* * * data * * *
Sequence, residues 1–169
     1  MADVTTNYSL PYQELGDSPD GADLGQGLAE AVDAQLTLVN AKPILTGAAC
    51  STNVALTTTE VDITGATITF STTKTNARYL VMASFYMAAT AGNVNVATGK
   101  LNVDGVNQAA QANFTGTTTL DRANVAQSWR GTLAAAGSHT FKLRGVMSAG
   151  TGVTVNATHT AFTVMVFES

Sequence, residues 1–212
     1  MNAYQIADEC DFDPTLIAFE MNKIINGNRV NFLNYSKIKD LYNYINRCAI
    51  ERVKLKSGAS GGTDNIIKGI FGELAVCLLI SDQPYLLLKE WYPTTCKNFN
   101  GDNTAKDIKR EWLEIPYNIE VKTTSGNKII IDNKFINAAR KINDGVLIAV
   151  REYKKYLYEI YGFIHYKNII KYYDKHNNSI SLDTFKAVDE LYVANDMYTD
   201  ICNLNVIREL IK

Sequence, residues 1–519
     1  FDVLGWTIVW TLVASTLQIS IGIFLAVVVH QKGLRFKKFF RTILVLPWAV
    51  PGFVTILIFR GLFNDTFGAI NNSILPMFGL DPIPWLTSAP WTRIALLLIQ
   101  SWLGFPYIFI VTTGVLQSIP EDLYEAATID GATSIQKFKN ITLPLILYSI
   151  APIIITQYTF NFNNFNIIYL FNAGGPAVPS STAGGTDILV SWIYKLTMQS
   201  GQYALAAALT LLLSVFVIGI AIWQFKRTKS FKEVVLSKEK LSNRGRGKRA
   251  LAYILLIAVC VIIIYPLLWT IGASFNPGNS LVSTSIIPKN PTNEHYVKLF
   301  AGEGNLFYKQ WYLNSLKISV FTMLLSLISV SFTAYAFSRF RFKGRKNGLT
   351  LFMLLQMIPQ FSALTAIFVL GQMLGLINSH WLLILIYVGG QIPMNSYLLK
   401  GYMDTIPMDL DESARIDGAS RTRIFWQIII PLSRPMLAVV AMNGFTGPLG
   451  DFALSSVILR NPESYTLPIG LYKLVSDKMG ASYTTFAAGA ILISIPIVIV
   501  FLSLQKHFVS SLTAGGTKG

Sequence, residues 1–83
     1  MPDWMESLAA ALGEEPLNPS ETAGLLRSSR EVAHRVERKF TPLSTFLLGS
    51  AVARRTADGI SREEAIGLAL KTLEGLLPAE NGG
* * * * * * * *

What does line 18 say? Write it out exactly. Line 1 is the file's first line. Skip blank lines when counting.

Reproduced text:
   251  LAYILLIAVC VIIIYPLLWT IGASFNPGNS LVSTSIIPKN PTNEHYVKLF